The gameplay features some excellent animation, both for the prince and everyone he encounters during his adventures. The animation for the prince is especially fluid and lifelike; truly a tribute to the original game that set the benchmark for human animation back in 1989.
The HUD is non-intrusive and contains just enough information without invading your gameplay experience. The levels are large and fairly complex but you will often see repeating designs and textures giving you frequent cases of déjà vu. For an added bonus there are some excellent special effects tossed into the mix that test the limits of the GBA’s graphical capabilities. These are used in just the right amounts so they are indeed “special” effects and never grow stale.
The sound is rather disappointing considering the production values in gameplay and graphics. A few of the musical tracks are noteworthy but just as many are forgettable. Sound effects are duly noted and work quite well, but the entire audio package just left me feeling a bit unimpressed.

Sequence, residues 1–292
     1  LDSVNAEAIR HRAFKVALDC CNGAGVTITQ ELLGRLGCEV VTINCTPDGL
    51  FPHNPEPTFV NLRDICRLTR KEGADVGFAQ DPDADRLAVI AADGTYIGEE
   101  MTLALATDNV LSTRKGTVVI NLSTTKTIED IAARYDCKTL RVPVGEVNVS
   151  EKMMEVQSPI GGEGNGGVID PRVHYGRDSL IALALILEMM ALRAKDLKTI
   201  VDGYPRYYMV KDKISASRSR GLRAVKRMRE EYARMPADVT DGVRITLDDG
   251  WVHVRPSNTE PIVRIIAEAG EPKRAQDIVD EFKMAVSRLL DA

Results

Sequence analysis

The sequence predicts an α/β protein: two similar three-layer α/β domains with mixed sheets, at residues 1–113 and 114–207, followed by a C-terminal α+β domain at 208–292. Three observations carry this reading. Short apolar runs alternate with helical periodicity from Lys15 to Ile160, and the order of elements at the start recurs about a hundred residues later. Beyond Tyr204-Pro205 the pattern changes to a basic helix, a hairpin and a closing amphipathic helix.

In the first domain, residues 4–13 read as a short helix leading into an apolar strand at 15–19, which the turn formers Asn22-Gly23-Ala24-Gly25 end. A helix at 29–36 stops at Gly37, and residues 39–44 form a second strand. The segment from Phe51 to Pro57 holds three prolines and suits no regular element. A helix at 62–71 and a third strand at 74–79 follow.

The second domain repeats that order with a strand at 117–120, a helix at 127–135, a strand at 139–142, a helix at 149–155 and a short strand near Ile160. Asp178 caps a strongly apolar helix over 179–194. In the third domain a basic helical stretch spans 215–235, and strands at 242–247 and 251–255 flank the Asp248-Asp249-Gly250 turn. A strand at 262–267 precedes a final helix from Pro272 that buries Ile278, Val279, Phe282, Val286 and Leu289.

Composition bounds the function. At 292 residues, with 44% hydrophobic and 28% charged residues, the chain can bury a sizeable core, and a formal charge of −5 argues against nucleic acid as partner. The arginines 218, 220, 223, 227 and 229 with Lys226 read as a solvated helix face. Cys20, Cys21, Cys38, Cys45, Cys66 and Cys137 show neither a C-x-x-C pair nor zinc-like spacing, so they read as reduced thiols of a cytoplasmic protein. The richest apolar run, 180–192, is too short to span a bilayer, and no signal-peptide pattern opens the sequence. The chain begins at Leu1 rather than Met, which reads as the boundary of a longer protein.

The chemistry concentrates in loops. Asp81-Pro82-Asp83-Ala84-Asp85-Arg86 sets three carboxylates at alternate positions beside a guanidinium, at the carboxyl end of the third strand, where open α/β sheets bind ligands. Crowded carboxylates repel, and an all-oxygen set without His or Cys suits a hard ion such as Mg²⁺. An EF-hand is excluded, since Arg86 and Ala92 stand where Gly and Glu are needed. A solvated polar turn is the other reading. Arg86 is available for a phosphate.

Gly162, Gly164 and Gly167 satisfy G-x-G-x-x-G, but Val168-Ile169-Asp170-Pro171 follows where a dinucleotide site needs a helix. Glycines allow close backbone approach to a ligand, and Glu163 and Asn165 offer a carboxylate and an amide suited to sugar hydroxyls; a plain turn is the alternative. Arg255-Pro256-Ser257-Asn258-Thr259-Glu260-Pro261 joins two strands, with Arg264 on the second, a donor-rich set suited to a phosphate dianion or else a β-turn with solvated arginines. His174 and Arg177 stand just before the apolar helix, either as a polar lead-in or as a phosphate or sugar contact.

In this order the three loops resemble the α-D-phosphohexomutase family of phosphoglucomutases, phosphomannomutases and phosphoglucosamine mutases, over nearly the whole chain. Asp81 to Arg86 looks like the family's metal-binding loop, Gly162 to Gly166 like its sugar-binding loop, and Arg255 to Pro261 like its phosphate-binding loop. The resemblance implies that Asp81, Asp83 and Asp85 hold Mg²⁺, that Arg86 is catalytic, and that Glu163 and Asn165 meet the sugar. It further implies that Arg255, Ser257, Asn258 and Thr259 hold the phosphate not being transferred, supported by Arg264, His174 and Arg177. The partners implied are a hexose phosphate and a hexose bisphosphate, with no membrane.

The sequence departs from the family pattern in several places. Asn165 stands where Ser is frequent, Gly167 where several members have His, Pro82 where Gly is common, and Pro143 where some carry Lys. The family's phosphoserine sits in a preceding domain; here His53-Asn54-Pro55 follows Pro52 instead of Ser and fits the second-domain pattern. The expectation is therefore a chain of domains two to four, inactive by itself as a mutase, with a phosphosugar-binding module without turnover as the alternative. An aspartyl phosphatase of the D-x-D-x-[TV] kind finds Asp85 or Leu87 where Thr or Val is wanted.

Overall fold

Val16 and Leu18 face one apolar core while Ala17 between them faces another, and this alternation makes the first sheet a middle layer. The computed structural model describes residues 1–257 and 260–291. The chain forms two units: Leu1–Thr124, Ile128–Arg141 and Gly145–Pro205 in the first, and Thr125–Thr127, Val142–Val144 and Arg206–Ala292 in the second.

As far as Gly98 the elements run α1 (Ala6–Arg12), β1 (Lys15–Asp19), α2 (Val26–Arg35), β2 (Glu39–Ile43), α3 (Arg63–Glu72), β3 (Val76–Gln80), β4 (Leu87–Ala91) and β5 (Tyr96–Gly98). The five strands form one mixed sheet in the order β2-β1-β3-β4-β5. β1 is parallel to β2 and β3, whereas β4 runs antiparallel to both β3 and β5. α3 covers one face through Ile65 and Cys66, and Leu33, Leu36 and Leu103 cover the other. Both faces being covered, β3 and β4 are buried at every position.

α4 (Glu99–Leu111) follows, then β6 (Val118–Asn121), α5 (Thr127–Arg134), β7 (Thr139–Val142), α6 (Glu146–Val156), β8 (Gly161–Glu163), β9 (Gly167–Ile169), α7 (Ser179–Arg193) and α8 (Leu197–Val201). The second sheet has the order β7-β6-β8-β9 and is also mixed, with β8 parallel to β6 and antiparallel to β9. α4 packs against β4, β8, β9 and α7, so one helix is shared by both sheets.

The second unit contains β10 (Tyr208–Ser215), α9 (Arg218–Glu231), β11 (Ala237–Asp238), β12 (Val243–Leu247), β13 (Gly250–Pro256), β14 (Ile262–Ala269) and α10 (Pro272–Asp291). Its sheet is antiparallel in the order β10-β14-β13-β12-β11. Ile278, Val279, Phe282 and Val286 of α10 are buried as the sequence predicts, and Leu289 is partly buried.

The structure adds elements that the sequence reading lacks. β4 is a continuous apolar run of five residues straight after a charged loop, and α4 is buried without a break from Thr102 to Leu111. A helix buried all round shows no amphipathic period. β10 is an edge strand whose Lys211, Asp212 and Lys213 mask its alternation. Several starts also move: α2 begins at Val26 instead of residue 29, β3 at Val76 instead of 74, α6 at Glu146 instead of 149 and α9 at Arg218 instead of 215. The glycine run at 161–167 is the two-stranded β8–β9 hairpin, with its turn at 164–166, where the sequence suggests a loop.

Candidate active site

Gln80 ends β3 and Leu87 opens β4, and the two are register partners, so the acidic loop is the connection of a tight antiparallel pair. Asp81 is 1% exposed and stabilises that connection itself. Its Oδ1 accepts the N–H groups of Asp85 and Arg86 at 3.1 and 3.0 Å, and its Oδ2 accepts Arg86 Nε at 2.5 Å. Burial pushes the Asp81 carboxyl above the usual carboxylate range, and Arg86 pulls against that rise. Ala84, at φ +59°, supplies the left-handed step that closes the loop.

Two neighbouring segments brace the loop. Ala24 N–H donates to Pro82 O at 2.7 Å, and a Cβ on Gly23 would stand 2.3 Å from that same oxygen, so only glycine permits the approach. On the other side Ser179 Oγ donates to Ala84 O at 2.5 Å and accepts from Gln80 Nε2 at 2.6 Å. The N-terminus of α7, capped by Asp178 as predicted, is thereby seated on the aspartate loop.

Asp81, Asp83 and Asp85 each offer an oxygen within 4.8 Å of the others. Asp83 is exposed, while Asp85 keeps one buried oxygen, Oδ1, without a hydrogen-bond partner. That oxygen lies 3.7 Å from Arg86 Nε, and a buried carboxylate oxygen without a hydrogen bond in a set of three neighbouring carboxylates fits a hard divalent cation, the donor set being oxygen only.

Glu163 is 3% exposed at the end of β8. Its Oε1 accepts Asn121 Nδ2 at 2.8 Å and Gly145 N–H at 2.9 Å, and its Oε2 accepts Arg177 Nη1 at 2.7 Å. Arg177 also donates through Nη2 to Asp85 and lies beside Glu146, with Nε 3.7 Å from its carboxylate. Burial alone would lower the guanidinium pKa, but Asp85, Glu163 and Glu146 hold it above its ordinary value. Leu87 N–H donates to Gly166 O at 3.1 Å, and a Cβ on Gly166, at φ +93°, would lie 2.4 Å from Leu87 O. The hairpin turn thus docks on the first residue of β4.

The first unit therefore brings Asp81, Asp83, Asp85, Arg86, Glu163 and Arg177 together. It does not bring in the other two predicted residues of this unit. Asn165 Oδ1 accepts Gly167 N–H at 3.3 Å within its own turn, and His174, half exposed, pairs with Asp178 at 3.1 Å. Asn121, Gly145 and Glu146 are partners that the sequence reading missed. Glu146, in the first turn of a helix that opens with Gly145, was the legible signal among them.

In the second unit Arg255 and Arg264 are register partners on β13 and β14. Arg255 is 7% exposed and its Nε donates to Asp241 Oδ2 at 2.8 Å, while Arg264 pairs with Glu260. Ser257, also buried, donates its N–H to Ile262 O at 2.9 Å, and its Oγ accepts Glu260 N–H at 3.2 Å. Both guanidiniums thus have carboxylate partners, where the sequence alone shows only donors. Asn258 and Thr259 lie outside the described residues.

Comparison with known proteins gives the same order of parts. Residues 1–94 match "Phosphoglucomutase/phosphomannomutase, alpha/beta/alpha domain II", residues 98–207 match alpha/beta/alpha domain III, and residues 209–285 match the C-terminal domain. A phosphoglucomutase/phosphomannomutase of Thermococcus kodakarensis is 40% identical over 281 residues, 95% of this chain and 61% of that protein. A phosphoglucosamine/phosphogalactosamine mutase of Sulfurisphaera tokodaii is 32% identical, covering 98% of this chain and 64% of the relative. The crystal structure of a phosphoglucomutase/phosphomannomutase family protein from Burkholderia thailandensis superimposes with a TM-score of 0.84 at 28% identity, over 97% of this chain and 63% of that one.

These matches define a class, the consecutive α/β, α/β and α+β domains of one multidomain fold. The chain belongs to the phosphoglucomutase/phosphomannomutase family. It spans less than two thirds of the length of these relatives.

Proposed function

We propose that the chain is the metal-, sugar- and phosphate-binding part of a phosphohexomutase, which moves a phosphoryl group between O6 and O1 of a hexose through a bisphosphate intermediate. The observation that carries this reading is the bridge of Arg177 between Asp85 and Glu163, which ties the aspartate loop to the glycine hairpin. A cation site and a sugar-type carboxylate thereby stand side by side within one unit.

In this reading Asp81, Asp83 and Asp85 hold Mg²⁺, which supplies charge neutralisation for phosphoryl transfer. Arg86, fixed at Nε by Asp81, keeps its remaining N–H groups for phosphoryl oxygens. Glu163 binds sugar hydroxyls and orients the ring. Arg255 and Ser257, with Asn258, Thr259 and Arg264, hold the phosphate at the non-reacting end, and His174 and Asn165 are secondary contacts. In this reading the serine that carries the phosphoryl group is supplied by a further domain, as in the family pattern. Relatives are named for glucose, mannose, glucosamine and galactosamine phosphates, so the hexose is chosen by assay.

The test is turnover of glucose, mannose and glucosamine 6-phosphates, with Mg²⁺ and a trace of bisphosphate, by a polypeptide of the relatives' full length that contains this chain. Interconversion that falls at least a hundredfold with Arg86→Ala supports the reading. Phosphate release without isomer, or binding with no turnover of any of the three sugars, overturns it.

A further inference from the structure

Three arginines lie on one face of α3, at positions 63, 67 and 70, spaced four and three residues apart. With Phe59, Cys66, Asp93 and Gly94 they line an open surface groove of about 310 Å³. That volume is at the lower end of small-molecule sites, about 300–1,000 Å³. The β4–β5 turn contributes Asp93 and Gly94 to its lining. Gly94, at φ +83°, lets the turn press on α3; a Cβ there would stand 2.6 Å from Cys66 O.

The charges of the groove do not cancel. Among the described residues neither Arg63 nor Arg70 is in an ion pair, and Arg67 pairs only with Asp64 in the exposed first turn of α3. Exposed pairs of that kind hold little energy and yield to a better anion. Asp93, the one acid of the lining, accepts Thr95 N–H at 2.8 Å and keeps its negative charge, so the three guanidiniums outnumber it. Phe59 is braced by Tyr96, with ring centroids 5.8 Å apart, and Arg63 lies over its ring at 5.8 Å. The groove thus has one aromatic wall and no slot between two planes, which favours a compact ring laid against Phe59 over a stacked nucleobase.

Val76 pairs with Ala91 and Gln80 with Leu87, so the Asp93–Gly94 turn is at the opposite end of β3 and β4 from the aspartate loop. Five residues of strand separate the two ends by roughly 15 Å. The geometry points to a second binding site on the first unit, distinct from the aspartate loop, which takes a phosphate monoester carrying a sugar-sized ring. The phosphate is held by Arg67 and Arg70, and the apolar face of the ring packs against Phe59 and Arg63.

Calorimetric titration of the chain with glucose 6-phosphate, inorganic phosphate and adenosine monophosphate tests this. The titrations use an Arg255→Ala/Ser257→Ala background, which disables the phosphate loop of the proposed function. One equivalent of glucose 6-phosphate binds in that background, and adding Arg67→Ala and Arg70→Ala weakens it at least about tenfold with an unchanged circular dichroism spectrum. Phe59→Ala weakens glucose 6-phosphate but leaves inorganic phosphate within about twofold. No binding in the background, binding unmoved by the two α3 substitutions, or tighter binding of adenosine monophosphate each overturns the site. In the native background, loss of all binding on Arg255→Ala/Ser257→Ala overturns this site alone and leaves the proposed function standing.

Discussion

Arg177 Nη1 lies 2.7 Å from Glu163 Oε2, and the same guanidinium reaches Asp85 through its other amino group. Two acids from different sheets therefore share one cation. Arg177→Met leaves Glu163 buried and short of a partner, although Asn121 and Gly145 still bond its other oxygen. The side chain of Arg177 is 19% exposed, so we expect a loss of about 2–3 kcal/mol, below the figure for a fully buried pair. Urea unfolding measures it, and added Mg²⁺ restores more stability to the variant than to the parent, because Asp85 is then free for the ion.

The Sands of Time is a large and complex game with many challenging and puzzle-filled levels that will provide 15-20 hours of adventure. There is also the added value of new levels, gameplay enhancements, and even a complete buried game locked away waiting for you to connect the GBA and GameCube versions.
I was most pleased that Ubisoft released Prince of Persia: The Sands of Time for the GBA. All too often these big budget titles tend to forget about this niche market, but with games like Splinter Cell, Metroid Prime, and now The Sands of Time, it’s becoming quite apparent that Nintendo and many developers are starting to commit to the shared bond these two systems have.
While this latest Prince of Persia game is still best played on the console, the GBA version is a perfect way to accessorize your game and even take the adventure with you the next time you leave the house.